fieroguru MSG #489, 02-09-2012 08:21 PM
      More excellent work Blooze! I would like to give you a + for every drawing or suspension curve if I could.

FieroWannaBe ( MSG #490, 02-13-2012 10:36 AM
Originally posted by Bloozberry:

I still have to research any negative impacts of decreasing the strut angle, and then determine the angle that optimizes the positive and negative characteristics within the physical constraints. The method of tilting the strut seems easy enough with the increased track width since a strut to knuckle adapter is required anyways. Given that a new strut adapter would need to be built to gain lost jounce travel from lowering the car (as mentioned before), the design could easily be adapted to suit a different strut angle as well.

If there is sufficient anti squat this had good potential, but if not, under acceleration, the rear of the car will squat, reducing the tires contact patch due to an increased negative camber gained at both wheels, and can limit your available traction, combined with turn-out this can lead to oversteer. Counter this with more anti squat you may not have a problem, until your entering a braking zone. Then the anti-dive, turns to pro-lift as the forces reverse (the body lifting the suspension on deceleration), and there could be a problem with brake hop in the rear, and rear end instability under braking (very bad). The hardest part of the design in finding the perfect balance, and then packaging it.

Pontiac did a decent job on the 88, but the rear geometry still left some development on the table it seems, perhaps due to packaging constraint, it looks as though there could be more done to increase rear stability, and tune out the built in understeer. It does look like a nice track increase can be part of that solution. Good Job.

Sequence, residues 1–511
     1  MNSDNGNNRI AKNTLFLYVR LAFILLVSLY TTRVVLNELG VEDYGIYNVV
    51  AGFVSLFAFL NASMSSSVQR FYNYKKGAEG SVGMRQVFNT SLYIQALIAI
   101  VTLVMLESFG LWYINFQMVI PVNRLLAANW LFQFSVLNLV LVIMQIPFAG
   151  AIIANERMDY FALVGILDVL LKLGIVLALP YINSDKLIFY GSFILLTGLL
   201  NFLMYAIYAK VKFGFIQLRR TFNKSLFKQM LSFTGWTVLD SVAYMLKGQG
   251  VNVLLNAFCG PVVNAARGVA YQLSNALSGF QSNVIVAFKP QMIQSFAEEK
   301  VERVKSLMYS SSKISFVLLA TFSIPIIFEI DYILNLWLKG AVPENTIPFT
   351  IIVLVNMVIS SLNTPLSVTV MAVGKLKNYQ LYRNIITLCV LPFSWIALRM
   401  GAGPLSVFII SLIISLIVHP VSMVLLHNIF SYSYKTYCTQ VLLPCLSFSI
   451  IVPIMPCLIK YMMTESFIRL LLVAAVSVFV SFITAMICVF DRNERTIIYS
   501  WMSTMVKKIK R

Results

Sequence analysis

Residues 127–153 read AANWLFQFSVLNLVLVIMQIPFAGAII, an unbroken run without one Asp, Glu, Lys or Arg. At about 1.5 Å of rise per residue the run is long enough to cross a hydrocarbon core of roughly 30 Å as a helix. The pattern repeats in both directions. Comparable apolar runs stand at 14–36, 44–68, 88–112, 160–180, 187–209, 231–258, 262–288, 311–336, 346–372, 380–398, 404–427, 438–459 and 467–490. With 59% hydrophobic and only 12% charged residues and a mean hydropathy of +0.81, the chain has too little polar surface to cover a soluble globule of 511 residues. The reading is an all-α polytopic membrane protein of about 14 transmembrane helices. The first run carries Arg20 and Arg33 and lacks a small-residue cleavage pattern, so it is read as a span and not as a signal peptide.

[This message has been edited by FieroWannaBe (edited 02-13-2012).]

Bloozberry MSG #491, 02-19-2012 10:00 PM
      Thanks for the feedback fieroguru and FieroWannaBe. I appreciate the encouragement since this stuff can be pretty tough to get motivated to work on.

I do have some rewards of my labor to share today though. With the previous discussions focusing on all the problems introduced by modifying the suspension, this post reveals the final solution to resolving the issues with widening, lowering, stretching, and re-shoeing the chassis. Remember, my primary goal was/is to make the car's stance look good, followed by minimizing the negative impact of this stance on performance. So, the three aspects of getting the right front stance involved:

a. moving the wheels outboard to suit the wider body of the F355 using wide track control arms;
b. lowering the car, but maintaining a reasonable ground clearance using a combination of 1.5" drop spindles and a 1/2" spring drop; and
c. filling the front wheel wells with the right size wheels: 215/45/17 tires on 17 X 7 (ET 47) wheels. The somewhat narrow front tires give an approximate ratio of 45% contact patch front / 55% rear in keeping with the weight distribution of the car. The rears will be 18" X 265 mm wide.

Knowing the final configuration allowed me to send the last set of suspension coordinates to Zac88GT for him to run through his Lotus Suspension Analyzer software. Having known from the start that drop spindles are an inherently better solution than simply using drop springs, I was initially quite disappointed when I re-plotted the performance curves and found this combination to be only marginally better than using drop springs. This new case is shown by the orange lines.

I knew there had to be a way to squeeze better performance from this combination, so I decided that the next most logical step would be to shorten the upper control arm to mimic the OEM ratio between it and lower arm. I started by lopping off 29 mm from the upper arms in my drawings, then asked Zac to run a few iterations shortening them even more in 1 mm increments until the best possible performance was achieved. The end result was to shorten the uppers by 35 mm. This of course will entail relocating the upper control arm mounts on the front crossmember 35 mm further outboard, but that appears to be a relatively simple affair after having confirmed the possibility on the actual crossmember.